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85% of Americans who negotiated a job offer were successful

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When it comes to negotiating a job offer, if you don’t ask, you won’t get anything.

Turns out, many aren’t asking, according to a survey by Fidelity Investments.

Some 58% of Americans accepted the initial offer at their current job without negotiating, according to the survey.

However, the negotiation works. According to Fidelity, 85% of Americans — and 87% of young professionals between the ages of 25 and 35 — who replied on salary, other compensation or benefits, or both salary and other compensation and benefits got at least some of what they asked for. The survey, conducted March 8-14 by Engine Insights, polled 1,524 American adults between the ages of 25 and 70 who currently work full-time or part-time.

“People feel like they can’t or shouldn’t negotiate, but companies expect you to negotiate,” said Caroline Ceniza-Levine, executive coach at Dream Career Club.

“They respect good negotiators,” she added. “They respect you if you can defend yourself.

“They want someone with that confidence on their side of the table.”

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Trust is the key. Therefore, do your homework. Look for compensation for your work, your domain and your location. Also ask other people what their salaries are or what they know about pay for work.

“If you understand what you can ask for, if you do a good job of showing your value, that would help increase the confidence you have in any salary negotiation,” said Kelly Lannan, senior vice president of emerging clients at Fidelity. Investments.

Before making a counter-offer, identify what you want. It can be a higher salary, or it can be a bonus, benefits, title, or job scope.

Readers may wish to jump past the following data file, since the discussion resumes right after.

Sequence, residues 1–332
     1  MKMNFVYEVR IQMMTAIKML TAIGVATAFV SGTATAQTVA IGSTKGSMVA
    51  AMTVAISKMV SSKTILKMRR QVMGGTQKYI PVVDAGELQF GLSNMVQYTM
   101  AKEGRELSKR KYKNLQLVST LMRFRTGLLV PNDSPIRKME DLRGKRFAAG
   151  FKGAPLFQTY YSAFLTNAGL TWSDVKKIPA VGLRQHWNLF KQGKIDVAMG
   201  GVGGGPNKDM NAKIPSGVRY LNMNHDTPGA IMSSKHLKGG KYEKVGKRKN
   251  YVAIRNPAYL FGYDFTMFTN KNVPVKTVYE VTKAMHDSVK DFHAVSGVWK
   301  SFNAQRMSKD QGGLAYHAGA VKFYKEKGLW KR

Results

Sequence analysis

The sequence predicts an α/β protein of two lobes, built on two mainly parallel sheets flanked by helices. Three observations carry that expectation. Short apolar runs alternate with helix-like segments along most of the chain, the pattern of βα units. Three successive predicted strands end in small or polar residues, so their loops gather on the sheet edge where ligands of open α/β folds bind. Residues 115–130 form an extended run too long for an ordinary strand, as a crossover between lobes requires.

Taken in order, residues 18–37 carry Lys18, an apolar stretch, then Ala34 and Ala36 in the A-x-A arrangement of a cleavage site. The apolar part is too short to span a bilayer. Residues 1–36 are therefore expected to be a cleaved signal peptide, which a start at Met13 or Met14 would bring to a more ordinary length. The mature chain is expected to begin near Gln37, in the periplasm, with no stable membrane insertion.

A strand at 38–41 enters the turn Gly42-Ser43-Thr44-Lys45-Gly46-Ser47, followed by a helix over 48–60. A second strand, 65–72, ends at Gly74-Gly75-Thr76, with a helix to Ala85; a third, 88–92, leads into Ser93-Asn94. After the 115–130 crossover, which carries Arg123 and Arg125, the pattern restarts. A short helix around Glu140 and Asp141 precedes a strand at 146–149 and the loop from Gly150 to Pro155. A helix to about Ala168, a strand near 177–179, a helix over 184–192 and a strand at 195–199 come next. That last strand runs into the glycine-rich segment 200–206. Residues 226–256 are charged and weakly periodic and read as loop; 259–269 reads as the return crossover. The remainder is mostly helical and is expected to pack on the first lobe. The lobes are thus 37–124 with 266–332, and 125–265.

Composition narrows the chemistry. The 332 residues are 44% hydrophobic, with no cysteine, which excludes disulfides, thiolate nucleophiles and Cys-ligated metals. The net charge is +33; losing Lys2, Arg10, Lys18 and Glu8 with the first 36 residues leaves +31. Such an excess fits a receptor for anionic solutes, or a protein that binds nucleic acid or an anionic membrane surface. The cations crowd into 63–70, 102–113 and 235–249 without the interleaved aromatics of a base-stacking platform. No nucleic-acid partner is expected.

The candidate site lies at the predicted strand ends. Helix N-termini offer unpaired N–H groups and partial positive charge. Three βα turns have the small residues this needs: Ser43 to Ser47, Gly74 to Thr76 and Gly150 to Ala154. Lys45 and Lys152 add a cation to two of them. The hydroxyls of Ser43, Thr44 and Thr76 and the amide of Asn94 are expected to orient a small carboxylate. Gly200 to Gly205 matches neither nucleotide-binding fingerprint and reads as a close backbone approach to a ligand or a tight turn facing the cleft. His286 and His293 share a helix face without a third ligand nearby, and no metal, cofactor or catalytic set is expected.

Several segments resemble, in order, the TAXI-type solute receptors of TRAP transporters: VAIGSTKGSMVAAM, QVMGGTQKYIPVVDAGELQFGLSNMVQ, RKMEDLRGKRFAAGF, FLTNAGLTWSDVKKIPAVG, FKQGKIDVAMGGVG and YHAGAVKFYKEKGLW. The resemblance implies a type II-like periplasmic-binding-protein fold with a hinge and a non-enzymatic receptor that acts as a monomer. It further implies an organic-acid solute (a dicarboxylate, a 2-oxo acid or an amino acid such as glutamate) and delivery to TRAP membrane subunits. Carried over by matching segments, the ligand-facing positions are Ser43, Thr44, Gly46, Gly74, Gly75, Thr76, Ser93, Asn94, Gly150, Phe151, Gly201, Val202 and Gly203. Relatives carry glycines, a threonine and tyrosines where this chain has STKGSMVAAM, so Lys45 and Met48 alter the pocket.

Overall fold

When focusing on salary, remember that even if the salary is in line with market data, you can still sell your specific skills or experience as the reason for a higher rate, Ceniza-Levine said.

People feel like they can’t or shouldn’t negotiate, but companies expect you to negotiate.

Caroline Ash Levine

Executive Coach at Dream Career Club.

If a higher salary is not expected, you can also negotiate these non-salary items.

“Really look at the entire offer and don’t be so quick to say whoever gets the most money wins,” she said.

Also consider what is happening in the business. For example, do they need you to start right away? If so, it may be worth extra pay or a bonus to start earlier, she said.

If possible, negotiate with the person who will make the final decision. If you can’t, try to do your best to develop a relationship with the person you’re speaking with, such as the recruiter, so they can be a good steward of your case, Ceniza-Levine advised.

How you approach the employer with a counter offer is also important. Be clear that you’re excited to work for the company and showcase the skills and value you bring to the table, Lannan said.

“How we engage in the conversation is just as important as the points you raise,” she said.

At the end of the day, it never hurts to ask. If the answer is “no”, this does not mean that the job offer will be rescinded. Plus, you can always come back to the topic later.

“‘No’ just means ‘not now,'” Ceniza-Levine said. “It’s not forever.”

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Disclosure: NBCUniversal and Comcast Ventures are investors in tassels.

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